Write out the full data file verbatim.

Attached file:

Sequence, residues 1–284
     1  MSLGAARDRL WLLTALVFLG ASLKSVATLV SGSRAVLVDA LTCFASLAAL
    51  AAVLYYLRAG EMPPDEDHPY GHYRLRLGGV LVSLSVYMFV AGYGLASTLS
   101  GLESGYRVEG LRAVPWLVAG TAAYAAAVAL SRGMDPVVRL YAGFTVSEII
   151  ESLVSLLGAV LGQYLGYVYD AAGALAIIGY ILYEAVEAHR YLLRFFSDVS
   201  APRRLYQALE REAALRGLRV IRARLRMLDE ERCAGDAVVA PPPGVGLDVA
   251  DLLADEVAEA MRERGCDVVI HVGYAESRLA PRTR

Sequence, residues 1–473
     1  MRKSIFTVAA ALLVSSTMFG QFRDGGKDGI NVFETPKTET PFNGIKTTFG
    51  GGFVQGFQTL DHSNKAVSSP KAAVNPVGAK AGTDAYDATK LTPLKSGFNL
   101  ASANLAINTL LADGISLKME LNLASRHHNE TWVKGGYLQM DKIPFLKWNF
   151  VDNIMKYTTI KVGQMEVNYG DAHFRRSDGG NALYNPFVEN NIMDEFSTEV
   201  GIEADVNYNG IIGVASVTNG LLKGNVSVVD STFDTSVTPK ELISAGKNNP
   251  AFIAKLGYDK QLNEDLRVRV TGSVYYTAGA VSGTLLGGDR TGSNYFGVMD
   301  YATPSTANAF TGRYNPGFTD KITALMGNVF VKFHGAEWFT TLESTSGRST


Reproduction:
Sequence, residues 1–284
     1  MSLGAARDRL WLLTALVFLG ASLKSVATLV SGSRAVLVDA LTCFASLAAL
    51  AAVLYYLRAG EMPPDEDHPY GHYRLRLGGV LVSLSVYMFV AGYGLASTLS
   101  GLESGYRVEG LRAVPWLVAG TAAYAAAVAL SRGMDPVVRL YAGFTVSEII
   151  ESLVSLLGAV LGQYLGYVYD AAGALAIIGY ILYEAVEAHR YLLRFFSDVS
   201  APRRLYQALE REAALRGLRV IRARLRMLDE ERCAGDAVVA PPPGVGLDVA
   251  DLLADEVAEA MRERGCDVVI HVGYAESRLA PRTR

Sequence, residues 1–473
     1  MRKSIFTVAA ALLVSSTMFG QFRDGGKDGI NVFETPKTET PFNGIKTTFG
    51  GGFVQGFQTL DHSNKAVSSP KAAVNPVGAK AGTDAYDATK LTPLKSGFNL
   101  ASANLAINTL LADGISLKME LNLASRHHNE TWVKGGYLQM DKIPFLKWNF
   151  VDNIMKYTTI KVGQMEVNYG DAHFRRSDGG NALYNPFVEN NIMDEFSTEV
   201  GIEADVNYNG IIGVASVTNG LLKGNVSVVD STFDTSVTPK ELISAGKNNP
   251  AFIAKLGYDK QLNEDLRVRV TGSVYYTAGA VSGTLLGGDR TGSNYFGVMD
   301  YATPSTANAF TGRYNPGFTD KITALMGNVF VKFHGAEWFT TLESTSGRST